MM, they're both a little WTF-y to me - does seller #2 really think the market's gone up that much in one year?! It will be interesting to see what they sell for - will tell us if the full throttle is more in the sellers' minds or a reality.
Square footage seems to be a complete crapshoot around here. Most of the listings don't bother with it, and the tax assessments don't give a good picture. For example, my place is listed by FFX co. at around 1300 sq ft. Not only is that wrong for the main floor (our house has an extension that others in the neighborhood don't), ours is a rambler with the same amount of sq feet in the walk-out "basement" (which includes two legal bedrooms and a huge family room). Our assessment came in at 2700 sq ft, over double what is on the tax website.
I take that back -- citing Hal Turner as a "credible" source is the epitome of intellectual dishonesty. Tape fighting comes in second :)
MM, thats just because the prices in Arlington havent finished falling yet. See they are going to fall 40-50% from peak, just ask Leroy. Its the "substitution effect", see and its literally a law of nature. Thats what I was told on here, its not even something worth arguing because its a fact. My 10-15% fall from peak estimate in Arlington is absurd because I didnt account for this effect. /sarcasm
Housebuyer,I'd say Dunn Loring to West Falls Church is quite nice and very convenient. Just my ho. I don't particularly like the condo's at the Dunn Loring Metro or that particular area. The DL area I like has big lots and lots of trees.I used to work on Gallows Road and I had a 5 minute commute.
Can someone please tell me, which metro stop these people could possibly be talking about when they claim that they are 2 miles from the metro. Are they really pretending that the future stop at Dulles already exists?http://franklymls.com/FX7215749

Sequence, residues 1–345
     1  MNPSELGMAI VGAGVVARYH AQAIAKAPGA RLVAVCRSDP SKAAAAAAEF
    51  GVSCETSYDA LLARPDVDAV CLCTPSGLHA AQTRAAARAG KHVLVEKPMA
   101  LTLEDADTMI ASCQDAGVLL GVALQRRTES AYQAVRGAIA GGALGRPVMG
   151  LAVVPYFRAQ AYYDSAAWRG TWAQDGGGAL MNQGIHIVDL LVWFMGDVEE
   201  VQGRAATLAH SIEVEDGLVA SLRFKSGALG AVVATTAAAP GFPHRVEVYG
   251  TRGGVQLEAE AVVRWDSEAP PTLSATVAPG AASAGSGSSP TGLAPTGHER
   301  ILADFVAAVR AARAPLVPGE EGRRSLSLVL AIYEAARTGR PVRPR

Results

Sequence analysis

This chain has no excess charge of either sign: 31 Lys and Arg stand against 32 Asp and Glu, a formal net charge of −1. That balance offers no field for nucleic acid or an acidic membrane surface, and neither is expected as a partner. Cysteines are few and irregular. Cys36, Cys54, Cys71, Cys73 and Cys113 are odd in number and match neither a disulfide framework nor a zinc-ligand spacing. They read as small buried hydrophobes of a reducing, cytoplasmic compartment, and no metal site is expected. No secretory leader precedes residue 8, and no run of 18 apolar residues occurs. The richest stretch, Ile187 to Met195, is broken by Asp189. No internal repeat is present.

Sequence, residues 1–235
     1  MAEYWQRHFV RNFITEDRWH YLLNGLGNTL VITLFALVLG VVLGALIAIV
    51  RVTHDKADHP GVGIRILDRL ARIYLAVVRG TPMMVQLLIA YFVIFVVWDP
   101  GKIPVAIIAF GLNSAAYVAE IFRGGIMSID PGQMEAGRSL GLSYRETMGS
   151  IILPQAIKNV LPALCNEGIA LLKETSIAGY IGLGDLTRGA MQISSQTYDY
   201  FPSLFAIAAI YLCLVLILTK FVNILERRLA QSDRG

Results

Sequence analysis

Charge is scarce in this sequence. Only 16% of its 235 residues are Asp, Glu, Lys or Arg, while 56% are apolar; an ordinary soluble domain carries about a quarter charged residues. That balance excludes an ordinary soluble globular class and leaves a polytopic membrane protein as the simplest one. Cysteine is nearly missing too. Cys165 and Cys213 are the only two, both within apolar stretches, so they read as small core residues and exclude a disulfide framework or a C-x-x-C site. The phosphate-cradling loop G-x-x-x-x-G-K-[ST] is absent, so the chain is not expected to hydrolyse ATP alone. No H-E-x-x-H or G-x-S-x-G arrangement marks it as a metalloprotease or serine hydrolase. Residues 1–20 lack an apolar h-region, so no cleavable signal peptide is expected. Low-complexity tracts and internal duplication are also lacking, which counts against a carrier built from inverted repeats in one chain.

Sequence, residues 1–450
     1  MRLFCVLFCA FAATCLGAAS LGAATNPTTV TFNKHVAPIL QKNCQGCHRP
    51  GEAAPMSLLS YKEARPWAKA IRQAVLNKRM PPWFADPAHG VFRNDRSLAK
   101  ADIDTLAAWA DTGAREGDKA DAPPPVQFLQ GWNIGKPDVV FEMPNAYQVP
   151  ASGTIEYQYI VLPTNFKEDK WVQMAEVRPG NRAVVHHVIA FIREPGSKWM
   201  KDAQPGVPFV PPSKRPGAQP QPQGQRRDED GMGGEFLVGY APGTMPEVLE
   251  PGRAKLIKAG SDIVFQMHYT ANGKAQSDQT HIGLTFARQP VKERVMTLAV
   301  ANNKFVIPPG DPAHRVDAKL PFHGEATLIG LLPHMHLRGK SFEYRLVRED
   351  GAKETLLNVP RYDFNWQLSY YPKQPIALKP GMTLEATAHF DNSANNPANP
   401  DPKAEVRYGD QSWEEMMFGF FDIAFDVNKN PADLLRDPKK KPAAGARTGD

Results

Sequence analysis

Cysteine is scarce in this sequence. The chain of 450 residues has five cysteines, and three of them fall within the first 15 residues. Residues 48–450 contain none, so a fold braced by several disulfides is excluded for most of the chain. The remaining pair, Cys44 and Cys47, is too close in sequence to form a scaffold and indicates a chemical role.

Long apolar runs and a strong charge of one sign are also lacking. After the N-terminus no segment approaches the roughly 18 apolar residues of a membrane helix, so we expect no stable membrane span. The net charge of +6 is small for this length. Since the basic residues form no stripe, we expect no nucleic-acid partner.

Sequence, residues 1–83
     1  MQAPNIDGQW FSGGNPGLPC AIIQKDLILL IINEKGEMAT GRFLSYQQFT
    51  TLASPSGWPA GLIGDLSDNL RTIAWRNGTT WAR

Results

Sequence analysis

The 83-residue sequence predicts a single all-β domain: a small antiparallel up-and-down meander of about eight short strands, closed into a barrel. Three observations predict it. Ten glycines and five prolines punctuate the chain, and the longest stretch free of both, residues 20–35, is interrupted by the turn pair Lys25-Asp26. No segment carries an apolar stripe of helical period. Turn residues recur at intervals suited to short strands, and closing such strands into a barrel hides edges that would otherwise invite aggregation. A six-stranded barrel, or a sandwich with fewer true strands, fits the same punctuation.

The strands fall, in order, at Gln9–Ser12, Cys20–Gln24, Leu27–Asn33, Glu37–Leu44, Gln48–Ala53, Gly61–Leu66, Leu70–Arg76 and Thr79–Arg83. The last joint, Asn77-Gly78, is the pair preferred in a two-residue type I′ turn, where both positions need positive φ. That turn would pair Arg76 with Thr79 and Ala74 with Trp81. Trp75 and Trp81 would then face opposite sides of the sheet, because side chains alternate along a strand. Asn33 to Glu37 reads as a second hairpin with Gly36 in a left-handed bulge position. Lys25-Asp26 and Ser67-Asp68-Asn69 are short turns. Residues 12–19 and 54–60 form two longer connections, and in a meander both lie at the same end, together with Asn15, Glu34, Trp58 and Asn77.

Doug -- there certainly was alot of flawed thinking about the substitution effect during the "Arlington Wars" era of this blog. Leroy was not the only victim.I think CRT had it best. The substitution effect is real -- the problem is/was thinking of it as causing a uniform 40% drop across the board. After all, if you took that "uniform drop" to its logical conclusion, the -40% parts of LA saw in the early 1990s would have hit all of LA, til eventually all of SoCal was down -40%.In reality, it was a matter of degree. 40% off in the worst areas, translated to 35% off in the next least desirable, to 30% off and so on. Case Shiller told us that was the way it was going to be -- we just didnt want to hear ithttp://www2.standardandpoors.com/spf/pdf/index/052708_Housing_bubbles_collapse.pdf
Also -- I think Cara had a good handle on it too when she described some areas as serving as "buffer zones" for others.
Whoa, what happened here? Crazy price drop!The sellers agreed to pay half the coop fees for 6 years?I guess that's the mark of desperation. Looks like the buyer got a great deal, considering the view!River Place penthouse
Paka-That is a crazy good deal. How did someone manage to swing that? Why wouldn't they lower the price rather than let someone get it for 40% below the current offer price and give the person a 108K credit...
Maybe they reduced the price in lieu of paying the $108k in co-op fees. That actually makes more sense. But even so, it's still a great deal considering it sold for $525,000 in 1991!
paKa,unreal, i'm speechless...
I agree I was starting to think that is what happened. I guess there aren't that many wealthy people that want to live in an old building. That is all I can think of. Even though the price is pretty low the condo fee is still really steep, I can't imagine buying a place whose condo fee was more than the mortgage.
From what I know about River Place, this is pretty old, roach-infested building. I wouldn't be surprised if the future owner won't get hit with a lot of special assessments, proportional to the sq. footage of the place.I'm not sure that it is such a privilege to pay 5k a month for this place even with the views, etc.
Regarding the co-op. I have a friend whose client recently died and was acting as trustee of the decedent's estate.The plan there was to hire a realtor to try to sell it on the open market, but if that didnt work, one of the heirs was going to forefeit their share of the inheritance to the siblings and purchase it for a song. I know the decedent lived in arlington in one of the "old highrises" so this may be it. What still seems curious is the kickback on the co-op fees.Ill be sure to ask my friend the next time I see her.